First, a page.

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I knew this day was coming.
Today, I had to take our dog Pal to the vet and have him put down. If you know anything about me, you know how…complicated my relationship with this pooch has been.
About nine years ago, when Hadley was in the 5th grade, I believe, she went through this phase where she would get the Sunday paper and go through the classifieds, looking at the dogs for sale. Whenever there were photos, she’d cut them out and keep them in a folder. Up to this point, I’d always been adamant about not getting a dog, but seeing Hadley doing all that started to melt my resolve.
One weekend, around that same time, I heard where the local shelters were doing “free” dog adoptions. That is, they were waiving the adoption fees. You still had to pay for shots, chips and a million other hidden charges that go into taking a dog home. It was like buying a new car.
But I digress.
The first place we stopped was the Feeder’s Supply near our house, and the first dog we saw was this sad looking, 4 or 5 year old mutt that smelled and had sore places from where he’d nervously scratched himself too much. I remember commenting that the only place he was going was the gas chamber.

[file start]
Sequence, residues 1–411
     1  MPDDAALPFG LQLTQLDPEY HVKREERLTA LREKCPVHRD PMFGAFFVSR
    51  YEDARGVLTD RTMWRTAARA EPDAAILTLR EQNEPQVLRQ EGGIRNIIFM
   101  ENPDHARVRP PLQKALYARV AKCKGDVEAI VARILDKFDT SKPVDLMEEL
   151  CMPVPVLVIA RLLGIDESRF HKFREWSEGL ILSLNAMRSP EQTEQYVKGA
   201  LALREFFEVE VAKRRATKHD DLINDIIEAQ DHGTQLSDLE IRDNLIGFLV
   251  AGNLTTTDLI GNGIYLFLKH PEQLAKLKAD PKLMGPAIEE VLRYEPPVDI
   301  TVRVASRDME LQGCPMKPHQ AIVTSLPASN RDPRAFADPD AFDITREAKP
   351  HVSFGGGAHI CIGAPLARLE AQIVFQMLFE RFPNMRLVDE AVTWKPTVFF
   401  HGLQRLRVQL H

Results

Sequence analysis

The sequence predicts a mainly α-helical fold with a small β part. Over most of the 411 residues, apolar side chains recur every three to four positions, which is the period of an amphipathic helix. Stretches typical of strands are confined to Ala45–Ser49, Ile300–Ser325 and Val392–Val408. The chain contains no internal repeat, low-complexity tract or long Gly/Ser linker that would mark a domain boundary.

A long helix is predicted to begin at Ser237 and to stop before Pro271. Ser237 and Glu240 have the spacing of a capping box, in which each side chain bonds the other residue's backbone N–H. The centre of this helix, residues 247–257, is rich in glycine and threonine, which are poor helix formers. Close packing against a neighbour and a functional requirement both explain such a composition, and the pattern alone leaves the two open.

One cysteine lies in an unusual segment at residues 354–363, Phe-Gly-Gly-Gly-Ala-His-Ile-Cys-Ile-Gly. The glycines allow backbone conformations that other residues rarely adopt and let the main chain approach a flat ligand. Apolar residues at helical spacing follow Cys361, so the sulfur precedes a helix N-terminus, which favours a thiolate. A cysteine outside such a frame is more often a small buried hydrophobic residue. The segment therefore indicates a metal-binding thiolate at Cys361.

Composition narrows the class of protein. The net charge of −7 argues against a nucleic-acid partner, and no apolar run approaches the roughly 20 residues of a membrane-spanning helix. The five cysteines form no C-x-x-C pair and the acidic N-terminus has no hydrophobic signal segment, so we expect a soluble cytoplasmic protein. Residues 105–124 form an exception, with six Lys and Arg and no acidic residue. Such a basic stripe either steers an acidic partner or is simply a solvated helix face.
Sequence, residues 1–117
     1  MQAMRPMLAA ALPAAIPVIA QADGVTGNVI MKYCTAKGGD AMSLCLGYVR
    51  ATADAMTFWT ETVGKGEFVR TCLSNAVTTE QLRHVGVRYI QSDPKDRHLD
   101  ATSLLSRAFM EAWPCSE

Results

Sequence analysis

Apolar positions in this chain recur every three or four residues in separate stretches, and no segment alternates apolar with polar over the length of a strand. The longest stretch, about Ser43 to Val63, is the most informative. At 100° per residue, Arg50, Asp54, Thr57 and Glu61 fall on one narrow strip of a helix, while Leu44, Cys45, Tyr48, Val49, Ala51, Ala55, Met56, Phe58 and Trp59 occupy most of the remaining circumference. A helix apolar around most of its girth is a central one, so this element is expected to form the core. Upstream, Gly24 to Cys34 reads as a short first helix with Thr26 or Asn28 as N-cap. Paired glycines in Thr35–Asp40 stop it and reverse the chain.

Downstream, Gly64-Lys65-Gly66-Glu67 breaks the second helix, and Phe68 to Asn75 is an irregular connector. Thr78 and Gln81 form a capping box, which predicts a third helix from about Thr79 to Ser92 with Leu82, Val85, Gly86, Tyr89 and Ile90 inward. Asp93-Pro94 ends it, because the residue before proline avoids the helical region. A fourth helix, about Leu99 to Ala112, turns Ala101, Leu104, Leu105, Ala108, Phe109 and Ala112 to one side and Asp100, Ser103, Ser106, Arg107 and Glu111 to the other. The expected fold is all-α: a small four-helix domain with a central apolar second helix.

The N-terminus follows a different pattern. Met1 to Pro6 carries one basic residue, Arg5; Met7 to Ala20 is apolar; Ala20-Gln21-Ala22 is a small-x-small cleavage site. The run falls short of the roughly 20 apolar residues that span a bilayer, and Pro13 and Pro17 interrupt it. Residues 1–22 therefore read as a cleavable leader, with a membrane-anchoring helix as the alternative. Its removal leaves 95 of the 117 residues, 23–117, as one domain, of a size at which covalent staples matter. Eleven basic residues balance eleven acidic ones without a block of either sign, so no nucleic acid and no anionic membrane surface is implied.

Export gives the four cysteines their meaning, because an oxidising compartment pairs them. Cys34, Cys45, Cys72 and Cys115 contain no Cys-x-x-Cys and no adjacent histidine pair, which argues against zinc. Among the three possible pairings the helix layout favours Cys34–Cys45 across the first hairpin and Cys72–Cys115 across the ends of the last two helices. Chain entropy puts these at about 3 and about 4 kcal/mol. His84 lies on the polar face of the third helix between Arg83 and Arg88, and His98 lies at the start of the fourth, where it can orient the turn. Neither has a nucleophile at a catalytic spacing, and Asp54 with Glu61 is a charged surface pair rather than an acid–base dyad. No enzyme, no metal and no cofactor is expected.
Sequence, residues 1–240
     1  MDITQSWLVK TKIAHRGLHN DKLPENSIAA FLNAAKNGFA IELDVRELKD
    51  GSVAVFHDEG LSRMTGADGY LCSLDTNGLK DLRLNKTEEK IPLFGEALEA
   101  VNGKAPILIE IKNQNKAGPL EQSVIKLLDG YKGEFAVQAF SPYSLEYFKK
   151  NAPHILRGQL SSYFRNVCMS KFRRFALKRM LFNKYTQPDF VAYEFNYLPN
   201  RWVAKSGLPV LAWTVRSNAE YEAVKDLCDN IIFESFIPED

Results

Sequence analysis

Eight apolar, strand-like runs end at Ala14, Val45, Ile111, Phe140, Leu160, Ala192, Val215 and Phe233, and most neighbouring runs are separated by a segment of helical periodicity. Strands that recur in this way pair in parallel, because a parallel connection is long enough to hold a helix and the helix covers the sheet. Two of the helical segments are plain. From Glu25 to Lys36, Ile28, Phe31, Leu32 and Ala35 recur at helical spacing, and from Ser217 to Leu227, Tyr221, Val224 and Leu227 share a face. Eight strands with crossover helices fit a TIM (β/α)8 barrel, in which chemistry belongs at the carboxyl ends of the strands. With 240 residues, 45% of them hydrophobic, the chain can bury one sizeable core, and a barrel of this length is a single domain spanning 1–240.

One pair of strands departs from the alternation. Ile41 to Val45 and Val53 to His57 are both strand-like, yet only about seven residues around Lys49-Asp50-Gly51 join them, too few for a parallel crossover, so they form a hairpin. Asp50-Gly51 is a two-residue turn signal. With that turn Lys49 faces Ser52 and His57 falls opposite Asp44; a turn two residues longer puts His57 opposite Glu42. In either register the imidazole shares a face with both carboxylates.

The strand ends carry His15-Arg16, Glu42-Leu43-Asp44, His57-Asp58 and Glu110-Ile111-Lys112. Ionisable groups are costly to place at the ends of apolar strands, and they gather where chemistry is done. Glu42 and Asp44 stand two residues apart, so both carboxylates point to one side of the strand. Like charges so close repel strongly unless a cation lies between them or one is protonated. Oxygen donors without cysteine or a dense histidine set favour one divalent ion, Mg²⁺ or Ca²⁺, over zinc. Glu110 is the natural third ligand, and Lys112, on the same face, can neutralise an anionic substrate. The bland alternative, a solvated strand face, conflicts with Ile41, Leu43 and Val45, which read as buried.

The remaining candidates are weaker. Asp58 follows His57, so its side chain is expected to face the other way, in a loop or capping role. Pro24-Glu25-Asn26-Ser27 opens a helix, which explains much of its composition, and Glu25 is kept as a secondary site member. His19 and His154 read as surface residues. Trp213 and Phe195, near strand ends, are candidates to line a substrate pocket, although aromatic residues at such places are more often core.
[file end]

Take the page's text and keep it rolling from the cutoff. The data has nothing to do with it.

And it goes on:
We skipped past that dog in search of a smaller, cuter, less smelly dog that somehow fit Hadley’s fantasy of the kind of dog she wanted.
That fantasy dog wasn’t at Feeder’s Supply. Nor was it at any of the shelters or any other of the four or five places we went looking for dogs. The only dogs we saw were barkers, biters or some other red-flag waving canine that was not going to call Savannah Road home.
But I’d painted myself into a corner, declaring that we would be getting a “free” dog that day.
Someone, I can’t remember who, mentioned that poor old dog we’d seen first. The one I’d pegged for an early death. The clock was ticking, as it was nearing evening time, so we headed back to Feeder’s Supply to re-consider the selection there.